“All these extracurricular activities helped me learn to exercise critical thinking, brainstorming and decision-making skills, how to plan and execute a project, how to listen to people and create synergy to accomplish tasks,” he says. “They taught me how to socialize and increase my network of people, and improve verbal and communication skills among other skills.” He especially thanks the Office of Student Life & Development’s Director Daniel Fictum and Assistant Director Alice Tucker for their encouragement.
Salas’ accomplishments have been duly noted by Marcela Armoza, City Tech’s vice president of enrollment and student services. “I’ve observed Dany’s journey here with great pride,” she says. “I am absolutely delighted, albeit not surprised at his academic success. He never lost sight of his goals. He is a man of honor and resolve, and a powerful role model for other Latino students.”
One day Salas saw a flyer tacked to a bulletin board at City Tech about the Goldman Sachs Technology Bridge Program Internship. He applied and was one of seven students accepted for the six-week paid internship, after which he was called back for a 10-week summer internship. Then, he was offered a full-time job. He now works as an information technology analyst for Goldman Sachs in its Jersey City office. His immediate plans are to earn a master’s degree and more certifications in information technology.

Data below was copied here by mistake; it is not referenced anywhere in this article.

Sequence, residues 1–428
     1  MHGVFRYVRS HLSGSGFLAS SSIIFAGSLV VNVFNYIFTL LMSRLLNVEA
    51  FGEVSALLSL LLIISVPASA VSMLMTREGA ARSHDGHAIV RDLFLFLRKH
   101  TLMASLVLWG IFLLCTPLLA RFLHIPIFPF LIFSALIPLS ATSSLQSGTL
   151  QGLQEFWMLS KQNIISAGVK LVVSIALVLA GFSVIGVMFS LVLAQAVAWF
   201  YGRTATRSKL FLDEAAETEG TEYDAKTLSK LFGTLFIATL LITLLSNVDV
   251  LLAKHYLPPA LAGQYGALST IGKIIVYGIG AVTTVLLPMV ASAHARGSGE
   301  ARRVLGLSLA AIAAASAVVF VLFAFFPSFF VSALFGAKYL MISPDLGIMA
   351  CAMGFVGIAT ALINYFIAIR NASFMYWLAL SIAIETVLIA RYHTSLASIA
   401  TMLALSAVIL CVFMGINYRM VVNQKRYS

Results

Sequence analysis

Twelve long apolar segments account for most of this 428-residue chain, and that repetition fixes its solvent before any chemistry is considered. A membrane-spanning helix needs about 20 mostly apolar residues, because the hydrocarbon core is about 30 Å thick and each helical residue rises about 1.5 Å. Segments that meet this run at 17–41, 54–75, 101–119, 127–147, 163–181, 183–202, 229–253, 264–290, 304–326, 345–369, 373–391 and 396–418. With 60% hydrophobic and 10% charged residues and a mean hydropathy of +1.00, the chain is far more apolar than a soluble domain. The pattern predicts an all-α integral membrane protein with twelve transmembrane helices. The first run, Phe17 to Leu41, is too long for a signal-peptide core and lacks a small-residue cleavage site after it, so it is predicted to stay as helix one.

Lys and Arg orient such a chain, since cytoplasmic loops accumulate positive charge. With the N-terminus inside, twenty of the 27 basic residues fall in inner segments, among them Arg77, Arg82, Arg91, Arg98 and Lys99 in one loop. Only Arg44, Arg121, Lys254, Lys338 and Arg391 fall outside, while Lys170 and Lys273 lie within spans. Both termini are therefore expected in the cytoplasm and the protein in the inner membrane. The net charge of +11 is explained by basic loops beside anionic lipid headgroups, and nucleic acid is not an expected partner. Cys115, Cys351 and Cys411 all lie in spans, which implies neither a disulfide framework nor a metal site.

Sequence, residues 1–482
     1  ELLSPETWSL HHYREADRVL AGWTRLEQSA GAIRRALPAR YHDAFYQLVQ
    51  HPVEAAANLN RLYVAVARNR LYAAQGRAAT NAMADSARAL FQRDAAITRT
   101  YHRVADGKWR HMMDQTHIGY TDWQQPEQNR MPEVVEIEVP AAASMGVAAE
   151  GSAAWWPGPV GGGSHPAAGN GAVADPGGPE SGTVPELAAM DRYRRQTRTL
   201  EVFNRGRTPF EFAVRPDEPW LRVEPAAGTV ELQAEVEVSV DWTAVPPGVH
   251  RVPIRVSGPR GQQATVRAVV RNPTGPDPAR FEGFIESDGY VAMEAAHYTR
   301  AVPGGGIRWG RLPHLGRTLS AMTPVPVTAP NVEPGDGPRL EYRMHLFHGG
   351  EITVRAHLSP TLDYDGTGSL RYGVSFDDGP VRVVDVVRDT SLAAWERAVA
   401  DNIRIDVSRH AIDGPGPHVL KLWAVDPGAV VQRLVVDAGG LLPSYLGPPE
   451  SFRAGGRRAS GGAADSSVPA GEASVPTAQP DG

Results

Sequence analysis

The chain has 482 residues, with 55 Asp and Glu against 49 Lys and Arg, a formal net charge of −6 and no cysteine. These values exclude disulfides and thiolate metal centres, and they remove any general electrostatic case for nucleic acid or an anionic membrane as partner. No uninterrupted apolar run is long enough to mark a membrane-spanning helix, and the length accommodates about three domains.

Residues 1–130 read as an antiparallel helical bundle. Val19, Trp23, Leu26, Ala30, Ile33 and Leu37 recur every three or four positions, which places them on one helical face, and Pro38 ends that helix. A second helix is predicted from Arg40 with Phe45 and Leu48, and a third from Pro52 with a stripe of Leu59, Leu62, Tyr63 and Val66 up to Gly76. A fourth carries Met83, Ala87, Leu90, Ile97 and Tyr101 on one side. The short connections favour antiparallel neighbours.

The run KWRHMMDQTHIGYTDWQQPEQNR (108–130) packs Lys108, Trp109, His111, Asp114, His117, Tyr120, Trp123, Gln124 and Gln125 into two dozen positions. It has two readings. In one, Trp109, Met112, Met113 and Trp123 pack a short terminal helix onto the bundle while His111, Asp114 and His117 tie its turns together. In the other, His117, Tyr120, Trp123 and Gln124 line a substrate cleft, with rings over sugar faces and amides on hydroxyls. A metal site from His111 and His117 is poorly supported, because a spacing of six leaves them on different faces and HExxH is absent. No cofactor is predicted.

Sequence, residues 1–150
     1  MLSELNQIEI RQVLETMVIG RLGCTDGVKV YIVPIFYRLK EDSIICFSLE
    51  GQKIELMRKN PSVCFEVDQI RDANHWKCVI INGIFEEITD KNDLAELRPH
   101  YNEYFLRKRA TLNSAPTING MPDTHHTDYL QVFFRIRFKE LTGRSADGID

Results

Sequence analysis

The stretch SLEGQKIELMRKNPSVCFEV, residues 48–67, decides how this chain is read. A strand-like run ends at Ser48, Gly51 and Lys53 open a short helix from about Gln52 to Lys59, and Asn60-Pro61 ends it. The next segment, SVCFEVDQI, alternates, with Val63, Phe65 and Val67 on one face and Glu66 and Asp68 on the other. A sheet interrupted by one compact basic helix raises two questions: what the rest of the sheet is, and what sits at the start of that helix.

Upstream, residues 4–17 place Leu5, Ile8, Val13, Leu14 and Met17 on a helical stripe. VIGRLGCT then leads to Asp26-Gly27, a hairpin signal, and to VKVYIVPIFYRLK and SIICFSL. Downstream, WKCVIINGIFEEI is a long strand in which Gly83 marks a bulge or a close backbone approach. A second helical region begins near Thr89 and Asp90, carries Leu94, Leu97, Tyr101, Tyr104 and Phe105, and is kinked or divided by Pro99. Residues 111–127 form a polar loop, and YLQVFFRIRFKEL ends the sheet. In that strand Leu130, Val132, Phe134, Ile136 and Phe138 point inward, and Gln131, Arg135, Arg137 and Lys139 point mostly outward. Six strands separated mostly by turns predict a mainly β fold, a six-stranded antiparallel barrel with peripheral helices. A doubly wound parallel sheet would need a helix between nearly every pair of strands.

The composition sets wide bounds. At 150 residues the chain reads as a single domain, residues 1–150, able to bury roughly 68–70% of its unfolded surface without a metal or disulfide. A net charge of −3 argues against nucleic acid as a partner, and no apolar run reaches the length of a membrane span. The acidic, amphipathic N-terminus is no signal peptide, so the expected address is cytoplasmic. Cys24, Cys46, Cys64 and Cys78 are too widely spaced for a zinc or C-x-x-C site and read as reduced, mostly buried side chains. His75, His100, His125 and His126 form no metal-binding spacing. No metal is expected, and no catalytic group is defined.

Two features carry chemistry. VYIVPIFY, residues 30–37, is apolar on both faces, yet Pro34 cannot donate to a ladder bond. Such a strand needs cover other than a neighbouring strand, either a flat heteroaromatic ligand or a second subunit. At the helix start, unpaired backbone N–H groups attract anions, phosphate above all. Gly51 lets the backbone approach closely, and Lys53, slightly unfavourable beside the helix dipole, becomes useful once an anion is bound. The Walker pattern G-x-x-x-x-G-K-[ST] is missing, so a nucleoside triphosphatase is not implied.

“I really like my job,” he says. “I get to use my skills to solve problems for the company and in return I’m given lots of chances for career development and professional growth. My colleagues come from all over the world and eagerly share their experience with me.”
Salas, who now lives in Jersey City, is passionate about education and technology after working with his City Tech computer systems professors to help promote the FIRST robotic competition among high school students. “I believe there’s a lot of work to do to educate children and young adults to use technology to solve practical problems. I’d like to help develop such a competition for children in the Dominican Republic.”
Lest he be pegged as a computer geek, Salas really enjoys the arts. His hobbies are playing the guitar, singing and photography. “My parents gave me my first guitar when I was 16 years old and I started guitar classes right away. In about a month I was directing and playing the guitar for a small children’s chorus at my local church. I see music and performing as a challenge — you can’t be successful at it if you don’t spend time rehearsing and perfecting your craft.”
Salas and his best friend recently formed LVLUP Entertainment, a songwriting and music production partnership. “We had our first concert back in September and are looking forward to continuing with this project,” he says. “What started as a hobby could possibly become a successful company.”
One gets the feeling that no matter what Salas tries, he will be successful. “I’ve learned that if you constantly challenge yourself and don’t take anything for granted, you won’t miss out on opportunities. That’s one message I’m going to share with my fellow graduates,” he says.
New York City College of Technology (City Tech) of The City University of New York (CUNY) is the largest public college of technology in New York State. Located at 300 Jay Street in Downtown Brooklyn, the College enrolls more than 16,000 students in 65 baccalaureate, associate and specialized certificate programs.